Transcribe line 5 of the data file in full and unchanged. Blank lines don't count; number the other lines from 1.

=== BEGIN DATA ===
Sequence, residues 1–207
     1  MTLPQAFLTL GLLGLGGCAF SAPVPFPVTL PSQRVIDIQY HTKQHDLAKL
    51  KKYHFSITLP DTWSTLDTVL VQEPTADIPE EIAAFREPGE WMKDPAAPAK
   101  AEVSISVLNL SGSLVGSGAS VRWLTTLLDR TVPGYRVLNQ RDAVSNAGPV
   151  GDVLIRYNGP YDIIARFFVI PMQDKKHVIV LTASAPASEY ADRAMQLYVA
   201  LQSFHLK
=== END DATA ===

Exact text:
   151  GDVLIRYNGP YDIIARFFVI PMQDKKHVIV LTASAPASEY ADRAMQLYVA